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Author Topic: After 32 years, Canadians pulling out of Golan Heights
Hephaestion
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Babbler # 4795

posted 26 March 2006 12:12 PM      Profile for Hephaestion   Author's Homepage        Edit/Delete Post
Troops needed for Afghanistan quagmire

quote:
An era came to an end yesterday as the Canadian military formally gave up its 32-year-old peacekeeping mission on the Golan Heights and pretty much ended its longstanding connection with UN peace forces.

Op Danaca, Canada's 190-member commitment to the United Nations Disengagement Observer Force on the Syria-Israel border, was Canada's last contribution of any size to traditional peacekeeping.

The Canadian Forces said it needs the skilled soldiers from the operation for other important jobs, including Afghanistan.

Two token soldiers will be left with the force by summer and Canada's total military contribution to UN peacekeeping -- which 15 years ago involved up to 4,000 troops -- will be reduced to about 60 soldiers in a half-dozen missions. The largest Canadian contribution will be 32 people in Sudan.

In contrast, Bangladesh has about 9,700 troops on UN missions and Hungary contributes about 8,600. In all, there are about 68,000 soldiers on UN operations worldwide.

In Canada's case, there now will be more policemen than soldiers serving with the UN.

"With the end of this mission, you'll be able to fit all of Canada's UN peacekeepers on a school bus," said Steven Staples of the Polaris Institute.

[ 26 March 2006: Message edited by: Hephaestion ]


From: goodbye... :-( | Registered: Dec 2003  |  IP: Logged
unionist
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Babbler # 11323

posted 26 March 2006 12:18 PM      Profile for unionist     Send New Private Message      Edit/Delete Post
quote:
Originally posted by Hephaestion:
Troops needed for Afghanistan quagmire


We shouldn't hear any parliamentary protest about this noble move. Re-deploying troops from Golan to Kandahar is consistent with item #2 of the NDP's "Peace and Security" platform:

quote:
Jack Layton and the NDP will [...]

Reorient Canada’s defence procurement to support the priorities of peacekeeping, peacemaking, humanitarian and environmental support operations.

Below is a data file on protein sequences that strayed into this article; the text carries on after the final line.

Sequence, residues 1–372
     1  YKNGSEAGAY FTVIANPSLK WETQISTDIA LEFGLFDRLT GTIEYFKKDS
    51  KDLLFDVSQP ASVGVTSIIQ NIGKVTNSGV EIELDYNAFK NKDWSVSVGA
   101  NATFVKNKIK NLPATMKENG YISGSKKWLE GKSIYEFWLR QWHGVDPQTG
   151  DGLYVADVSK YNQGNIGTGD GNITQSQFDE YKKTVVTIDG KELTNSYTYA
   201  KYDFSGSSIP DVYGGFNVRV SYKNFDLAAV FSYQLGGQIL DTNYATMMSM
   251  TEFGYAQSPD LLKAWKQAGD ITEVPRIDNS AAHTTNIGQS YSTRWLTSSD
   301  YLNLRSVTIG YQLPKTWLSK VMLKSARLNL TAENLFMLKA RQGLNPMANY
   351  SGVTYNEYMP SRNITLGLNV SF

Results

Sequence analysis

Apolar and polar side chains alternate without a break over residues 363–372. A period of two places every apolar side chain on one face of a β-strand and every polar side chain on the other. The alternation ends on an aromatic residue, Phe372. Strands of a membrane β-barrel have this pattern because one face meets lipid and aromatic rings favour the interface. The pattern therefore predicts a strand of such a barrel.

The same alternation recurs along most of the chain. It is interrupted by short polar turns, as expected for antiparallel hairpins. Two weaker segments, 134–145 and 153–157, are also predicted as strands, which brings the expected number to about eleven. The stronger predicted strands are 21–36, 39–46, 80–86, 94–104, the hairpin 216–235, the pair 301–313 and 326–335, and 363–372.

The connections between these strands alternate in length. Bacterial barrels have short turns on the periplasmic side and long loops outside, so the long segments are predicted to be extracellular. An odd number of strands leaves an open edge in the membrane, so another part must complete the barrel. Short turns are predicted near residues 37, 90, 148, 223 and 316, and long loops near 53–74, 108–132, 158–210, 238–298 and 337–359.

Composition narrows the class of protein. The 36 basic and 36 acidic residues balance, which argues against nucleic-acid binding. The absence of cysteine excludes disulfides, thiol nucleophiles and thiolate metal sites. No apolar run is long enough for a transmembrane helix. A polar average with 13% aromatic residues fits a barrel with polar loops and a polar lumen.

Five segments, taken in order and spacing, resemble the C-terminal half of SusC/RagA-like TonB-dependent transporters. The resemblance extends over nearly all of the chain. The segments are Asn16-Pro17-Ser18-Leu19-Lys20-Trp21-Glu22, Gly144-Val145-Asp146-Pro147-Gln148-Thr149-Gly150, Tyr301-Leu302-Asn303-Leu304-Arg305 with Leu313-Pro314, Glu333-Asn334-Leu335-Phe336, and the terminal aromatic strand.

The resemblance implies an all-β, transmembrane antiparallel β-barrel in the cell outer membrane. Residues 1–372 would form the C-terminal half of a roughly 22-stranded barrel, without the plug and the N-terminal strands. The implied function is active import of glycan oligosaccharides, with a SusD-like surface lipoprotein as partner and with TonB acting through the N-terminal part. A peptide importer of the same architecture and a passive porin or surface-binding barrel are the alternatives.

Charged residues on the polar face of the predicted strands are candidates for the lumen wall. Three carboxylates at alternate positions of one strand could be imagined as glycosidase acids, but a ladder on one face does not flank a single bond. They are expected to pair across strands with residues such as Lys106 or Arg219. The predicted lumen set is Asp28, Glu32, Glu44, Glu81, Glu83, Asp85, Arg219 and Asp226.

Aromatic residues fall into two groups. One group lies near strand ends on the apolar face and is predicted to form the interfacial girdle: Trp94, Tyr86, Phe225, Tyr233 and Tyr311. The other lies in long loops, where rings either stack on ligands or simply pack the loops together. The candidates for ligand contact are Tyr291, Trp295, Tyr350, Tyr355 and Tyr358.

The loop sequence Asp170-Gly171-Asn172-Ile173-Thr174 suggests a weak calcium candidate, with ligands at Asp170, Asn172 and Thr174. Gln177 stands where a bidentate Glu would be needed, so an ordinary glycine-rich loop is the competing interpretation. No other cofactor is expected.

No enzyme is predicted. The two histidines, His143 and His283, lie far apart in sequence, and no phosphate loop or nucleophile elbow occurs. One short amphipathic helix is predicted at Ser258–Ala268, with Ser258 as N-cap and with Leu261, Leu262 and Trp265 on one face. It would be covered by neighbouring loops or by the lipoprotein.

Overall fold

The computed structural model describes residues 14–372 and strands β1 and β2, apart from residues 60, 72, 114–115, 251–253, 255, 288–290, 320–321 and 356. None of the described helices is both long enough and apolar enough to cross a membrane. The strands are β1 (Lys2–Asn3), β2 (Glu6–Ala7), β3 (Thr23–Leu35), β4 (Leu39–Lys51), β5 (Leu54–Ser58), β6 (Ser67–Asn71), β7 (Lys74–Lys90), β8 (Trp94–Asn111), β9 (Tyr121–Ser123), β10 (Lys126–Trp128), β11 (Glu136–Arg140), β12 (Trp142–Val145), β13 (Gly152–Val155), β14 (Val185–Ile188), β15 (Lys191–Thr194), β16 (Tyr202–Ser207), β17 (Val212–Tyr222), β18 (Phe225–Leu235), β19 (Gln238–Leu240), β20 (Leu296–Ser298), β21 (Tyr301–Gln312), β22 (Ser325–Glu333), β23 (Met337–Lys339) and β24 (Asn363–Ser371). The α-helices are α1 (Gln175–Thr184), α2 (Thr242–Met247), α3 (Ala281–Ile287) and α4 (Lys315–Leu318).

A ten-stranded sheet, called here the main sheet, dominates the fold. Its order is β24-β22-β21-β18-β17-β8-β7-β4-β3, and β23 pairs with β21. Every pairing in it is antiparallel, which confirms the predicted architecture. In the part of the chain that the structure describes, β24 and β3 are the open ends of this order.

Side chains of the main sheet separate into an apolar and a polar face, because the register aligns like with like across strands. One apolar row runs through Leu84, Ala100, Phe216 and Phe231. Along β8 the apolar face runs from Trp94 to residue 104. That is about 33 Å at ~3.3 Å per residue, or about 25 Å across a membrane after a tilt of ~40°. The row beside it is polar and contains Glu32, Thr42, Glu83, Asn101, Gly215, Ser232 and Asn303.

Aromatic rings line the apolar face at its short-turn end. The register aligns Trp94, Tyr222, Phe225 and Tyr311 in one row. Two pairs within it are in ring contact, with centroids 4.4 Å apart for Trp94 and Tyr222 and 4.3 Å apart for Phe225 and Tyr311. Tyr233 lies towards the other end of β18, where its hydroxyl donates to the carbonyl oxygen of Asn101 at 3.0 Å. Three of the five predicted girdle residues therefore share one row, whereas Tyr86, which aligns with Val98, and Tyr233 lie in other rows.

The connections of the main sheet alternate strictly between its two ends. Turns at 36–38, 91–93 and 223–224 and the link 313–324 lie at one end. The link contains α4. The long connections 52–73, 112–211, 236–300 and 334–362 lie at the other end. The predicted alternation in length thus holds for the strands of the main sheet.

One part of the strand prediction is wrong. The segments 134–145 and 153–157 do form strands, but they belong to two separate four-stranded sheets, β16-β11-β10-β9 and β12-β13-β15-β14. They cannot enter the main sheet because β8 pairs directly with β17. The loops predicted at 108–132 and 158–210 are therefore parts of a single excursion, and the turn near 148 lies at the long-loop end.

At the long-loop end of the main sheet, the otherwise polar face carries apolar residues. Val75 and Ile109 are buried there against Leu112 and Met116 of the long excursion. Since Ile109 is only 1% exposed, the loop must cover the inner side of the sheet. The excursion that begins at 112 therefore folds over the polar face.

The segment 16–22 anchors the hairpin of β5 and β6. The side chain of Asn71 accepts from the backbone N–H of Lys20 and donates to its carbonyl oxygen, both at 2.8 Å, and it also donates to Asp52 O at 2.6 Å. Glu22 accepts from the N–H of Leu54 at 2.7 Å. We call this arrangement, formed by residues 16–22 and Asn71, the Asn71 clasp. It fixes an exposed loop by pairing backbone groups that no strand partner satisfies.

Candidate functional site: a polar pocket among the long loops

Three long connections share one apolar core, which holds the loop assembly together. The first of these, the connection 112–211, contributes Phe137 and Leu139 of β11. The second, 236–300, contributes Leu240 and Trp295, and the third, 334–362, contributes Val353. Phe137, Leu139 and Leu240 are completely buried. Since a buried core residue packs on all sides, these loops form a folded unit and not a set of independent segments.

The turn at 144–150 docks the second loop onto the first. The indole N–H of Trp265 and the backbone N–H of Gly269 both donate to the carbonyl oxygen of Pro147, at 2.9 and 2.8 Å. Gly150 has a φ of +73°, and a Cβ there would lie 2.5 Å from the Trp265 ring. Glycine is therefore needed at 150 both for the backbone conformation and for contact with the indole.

[ 26 March 2006: Message edited by: unionist ]


From: Vote QS! | Registered: Dec 2005  |  IP: Logged
Fidel
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posted 26 March 2006 01:03 PM      Profile for Fidel     Send New Private Message      Edit/Delete Post
Here we go. Unionist, what's the Bloc's policy on Afghanistan ? Haiti?
From: Viva La Revolución | Registered: Apr 2004  |  IP: Logged
unionist
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posted 26 March 2006 01:48 PM      Profile for unionist     Send New Private Message      Edit/Delete Post
quote:
Originally posted by Fidel:
Here we go. Unionist, what's the Bloc's policy on Afghanistan ? Haiti?

Re-read my post, Fidel. Please. I said there would be "no parliamentary protest". That is because four parties (Cons, Libs, NDP, BQ) are all taking cowardly hypocritical pro-U.S. anti-people anti-peace stances on Afghanistan.

The reason I underline the NDP's position is that they are expected to be a little bit closer to the progressive forces than the other parties. We expose these things to incite, encourage, shame NDP militants into correcting their party's policy, if they can.


From: Vote QS! | Registered: Dec 2005  |  IP: Logged
Fidel
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posted 26 March 2006 03:13 PM      Profile for Fidel     Send New Private Message      Edit/Delete Post
But I thought it was clear that the NDP was for NATO and UN ?. Regardless of what you and I think about our troops being in Afghanistan, I think the majority of Canadian's support Canada's role as peace keepers. Yes, we know it's FUBAR over there, but regular Canadian's actually tend to hand on to every word they're given by Ottawa and newspaper journalists.

But the NDP is calling for debate on our roles in both Afghanistan and Haiti. I agree with you, unionist. We shouldn't be there, and I think that a debate with everyone in Ottawa quoted in newspapers should help people understand that we shouldn't be there. I doubt the NDP will be saying things like "blowback" or attacking the imperialist agenda like we do here, and that's too bad, because I think most Canadian's don't have time or inclination to understand the situation over there. What do you think?. Do you think it's possible that propping up a despot may be a step above where they're at now in paving the way for future democracy ?. ie. the lesser of two evils, because these are options the U.S. ultimately provides to third world nations one way or another. I don't know, but we can bet that the U.S. won't be letting go easily. I really don't know.


From: Viva La Revolución | Registered: Apr 2004  |  IP: Logged
Pogo
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posted 26 March 2006 03:44 PM      Profile for Pogo   Author's Homepage     Send New Private Message      Edit/Delete Post
I agree with Unionist that we should be bringing up 'peacemaking' as many times as possible until the NDP changes it. Peacemaking and imperialism can easily be two sides of the same coin.
From: Richmond BC | Registered: Aug 2002  |  IP: Logged

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